Democracy?

I’ve previously written about stolen elections. The first election I voted in, 2000, happened to be the most blatant stolen election in US history. It went to the highest levels of power, involving a pivotal state governed by the brother of a major candidate and a partisan Supreme Court that decided to bypass democracy itself in order to declare the new ruler.

I don’t know what to make of it all. It really is messed up. Just another thing to make me despair. And heading into the new century was a time of my life when I didn’t need more despair.

It was my mid-twenties. Depression had hit me like a ton of bricks starting in my late teens. Leaving home for the first time, I was a lost cause and a lost soul. I dropped out of college and wandered aimlessly for a number of years, having endlessly contemplated suicide and one time attempted it. I eventually settled down, having permanently returned to my childhood home. At that point, I was in a slightly better frame of mind.

The turn of the century got everyone excited, with threats of the Y2K bug. It was a new century and a new millennium. We survived that with a sigh of relief, but the worst was yet to come. The coming decade of the aughts would not be a happy time. Even so, many looked to the new millennium with optimism, the Cold War having ended more than a decade before and the intervening years having seen a tech boom. The threat of terrorists and economic recessions weren’t yet on many people’s minds. The future seemed bright and ripe for change.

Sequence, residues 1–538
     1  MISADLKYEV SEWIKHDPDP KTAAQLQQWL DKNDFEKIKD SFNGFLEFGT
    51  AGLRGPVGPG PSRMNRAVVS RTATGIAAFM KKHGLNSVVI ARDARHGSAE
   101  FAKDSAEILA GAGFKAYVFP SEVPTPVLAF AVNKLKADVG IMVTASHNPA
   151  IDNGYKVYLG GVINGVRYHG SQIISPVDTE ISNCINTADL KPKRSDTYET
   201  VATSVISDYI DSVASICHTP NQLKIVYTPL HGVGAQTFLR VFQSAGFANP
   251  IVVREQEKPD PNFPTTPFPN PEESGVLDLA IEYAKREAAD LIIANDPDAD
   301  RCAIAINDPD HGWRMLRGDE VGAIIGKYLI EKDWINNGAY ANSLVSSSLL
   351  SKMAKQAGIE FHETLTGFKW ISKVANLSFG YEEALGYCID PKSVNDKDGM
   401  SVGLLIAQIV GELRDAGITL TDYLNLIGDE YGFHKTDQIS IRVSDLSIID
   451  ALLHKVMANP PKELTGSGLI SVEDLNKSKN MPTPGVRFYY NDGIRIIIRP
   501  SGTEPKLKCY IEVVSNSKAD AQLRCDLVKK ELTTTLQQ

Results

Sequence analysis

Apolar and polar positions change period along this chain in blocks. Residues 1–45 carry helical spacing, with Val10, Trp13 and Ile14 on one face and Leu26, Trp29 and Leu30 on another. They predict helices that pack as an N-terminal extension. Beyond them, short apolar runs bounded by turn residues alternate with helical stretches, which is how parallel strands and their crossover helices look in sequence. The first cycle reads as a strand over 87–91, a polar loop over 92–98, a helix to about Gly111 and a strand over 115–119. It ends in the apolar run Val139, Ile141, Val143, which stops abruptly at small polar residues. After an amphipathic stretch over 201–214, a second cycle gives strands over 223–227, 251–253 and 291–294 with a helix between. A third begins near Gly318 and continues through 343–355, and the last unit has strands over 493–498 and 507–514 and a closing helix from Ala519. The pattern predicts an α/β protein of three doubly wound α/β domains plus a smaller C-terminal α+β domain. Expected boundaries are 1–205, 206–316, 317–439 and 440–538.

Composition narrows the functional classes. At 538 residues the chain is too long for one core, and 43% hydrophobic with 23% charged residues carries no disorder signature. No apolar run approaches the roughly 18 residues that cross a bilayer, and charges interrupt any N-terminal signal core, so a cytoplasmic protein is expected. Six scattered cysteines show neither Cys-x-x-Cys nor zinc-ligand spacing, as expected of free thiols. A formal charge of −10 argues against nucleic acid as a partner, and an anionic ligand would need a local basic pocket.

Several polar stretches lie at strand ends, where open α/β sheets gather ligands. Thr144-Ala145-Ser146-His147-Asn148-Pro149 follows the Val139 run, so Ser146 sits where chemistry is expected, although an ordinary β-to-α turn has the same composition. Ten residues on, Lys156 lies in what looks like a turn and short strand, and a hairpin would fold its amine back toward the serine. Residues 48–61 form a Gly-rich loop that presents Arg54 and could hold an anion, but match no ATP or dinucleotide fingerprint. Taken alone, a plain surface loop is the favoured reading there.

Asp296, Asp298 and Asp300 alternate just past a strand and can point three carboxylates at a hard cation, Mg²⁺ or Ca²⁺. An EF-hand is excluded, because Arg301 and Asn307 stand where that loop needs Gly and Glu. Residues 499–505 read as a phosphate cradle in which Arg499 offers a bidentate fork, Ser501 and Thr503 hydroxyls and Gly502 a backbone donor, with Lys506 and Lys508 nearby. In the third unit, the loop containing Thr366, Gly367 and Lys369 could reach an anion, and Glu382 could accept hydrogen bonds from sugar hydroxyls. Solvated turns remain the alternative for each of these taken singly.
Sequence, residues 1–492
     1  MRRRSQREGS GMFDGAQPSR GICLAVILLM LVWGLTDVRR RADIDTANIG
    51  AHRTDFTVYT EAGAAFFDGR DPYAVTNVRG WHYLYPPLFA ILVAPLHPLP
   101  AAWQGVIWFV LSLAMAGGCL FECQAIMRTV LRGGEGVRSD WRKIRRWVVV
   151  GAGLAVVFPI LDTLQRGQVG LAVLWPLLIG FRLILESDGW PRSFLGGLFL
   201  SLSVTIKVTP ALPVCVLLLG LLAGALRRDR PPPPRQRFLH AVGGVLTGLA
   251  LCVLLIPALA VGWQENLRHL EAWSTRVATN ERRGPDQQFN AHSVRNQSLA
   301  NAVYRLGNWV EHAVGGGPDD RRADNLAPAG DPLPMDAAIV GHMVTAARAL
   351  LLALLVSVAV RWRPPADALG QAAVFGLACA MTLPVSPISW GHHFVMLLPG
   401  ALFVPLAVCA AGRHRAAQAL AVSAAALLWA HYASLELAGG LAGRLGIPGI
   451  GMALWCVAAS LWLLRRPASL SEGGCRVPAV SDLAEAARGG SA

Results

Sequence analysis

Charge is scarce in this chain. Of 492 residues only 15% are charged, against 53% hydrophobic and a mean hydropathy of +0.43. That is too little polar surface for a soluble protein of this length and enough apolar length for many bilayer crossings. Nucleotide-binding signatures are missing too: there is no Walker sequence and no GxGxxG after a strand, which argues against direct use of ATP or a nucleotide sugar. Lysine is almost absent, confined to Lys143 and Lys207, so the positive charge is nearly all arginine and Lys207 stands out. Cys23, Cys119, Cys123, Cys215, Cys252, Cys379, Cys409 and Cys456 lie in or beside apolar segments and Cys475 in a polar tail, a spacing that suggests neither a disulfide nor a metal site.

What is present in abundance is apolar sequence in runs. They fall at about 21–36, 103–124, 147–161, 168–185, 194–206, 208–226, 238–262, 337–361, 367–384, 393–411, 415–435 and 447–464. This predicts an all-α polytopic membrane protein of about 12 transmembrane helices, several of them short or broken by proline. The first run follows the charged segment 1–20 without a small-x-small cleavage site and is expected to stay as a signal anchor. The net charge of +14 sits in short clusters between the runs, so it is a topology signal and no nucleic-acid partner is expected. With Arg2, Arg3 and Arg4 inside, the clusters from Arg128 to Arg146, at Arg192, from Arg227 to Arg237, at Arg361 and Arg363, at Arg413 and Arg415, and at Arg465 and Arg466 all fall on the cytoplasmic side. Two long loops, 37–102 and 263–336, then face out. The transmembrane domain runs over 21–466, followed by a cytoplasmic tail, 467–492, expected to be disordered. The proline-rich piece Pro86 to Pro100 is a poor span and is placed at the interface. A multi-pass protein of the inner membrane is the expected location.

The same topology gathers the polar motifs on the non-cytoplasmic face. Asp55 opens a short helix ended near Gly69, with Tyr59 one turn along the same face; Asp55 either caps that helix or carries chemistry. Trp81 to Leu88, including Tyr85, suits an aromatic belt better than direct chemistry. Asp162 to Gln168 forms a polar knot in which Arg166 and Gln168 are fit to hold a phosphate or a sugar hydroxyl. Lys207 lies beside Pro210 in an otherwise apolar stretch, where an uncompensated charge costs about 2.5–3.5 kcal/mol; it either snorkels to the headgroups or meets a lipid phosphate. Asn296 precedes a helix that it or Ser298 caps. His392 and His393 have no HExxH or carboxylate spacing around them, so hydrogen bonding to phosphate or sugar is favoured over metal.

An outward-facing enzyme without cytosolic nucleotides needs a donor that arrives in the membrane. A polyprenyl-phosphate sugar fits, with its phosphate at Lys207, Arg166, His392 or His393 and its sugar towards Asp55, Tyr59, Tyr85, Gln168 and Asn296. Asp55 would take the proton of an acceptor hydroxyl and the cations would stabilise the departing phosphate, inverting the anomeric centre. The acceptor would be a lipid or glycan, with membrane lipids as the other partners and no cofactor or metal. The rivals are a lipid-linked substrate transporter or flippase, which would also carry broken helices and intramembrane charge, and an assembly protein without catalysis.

I remember that moment in time. I heard Nader give a speech on his presidential campaign. He gave me hope, as naive as that may sound. I can’t explain what an amazing thing hope can be when it has been lost for so long. Listening to Nader, it was beyond refreshing. It was inspiring. He was a politician who actually gave a damn. And the cynical partisan Democrats attacked the likes of me for voting my conscience, a silly thing to do considering that I wasn’t a Democrat and neither were most of Nader’s supporters, but that is always how partisan politics trumps all else, even democracy itself.

Following the Florida fiasco, the strangest thing in the world happened. Democrats rationalized it away, as their candidate rolled over and played dead (Kerry in 2004 followed Gore’s example, handing Bush a second term). The fullest recounts ever done showed that Gore won Florida (even more troubling developments happened in 2004), but no one wanted to know, especially not Democrats. To know the truth would mean having to admit the dark reality before us. And here we are still afraid of the truth.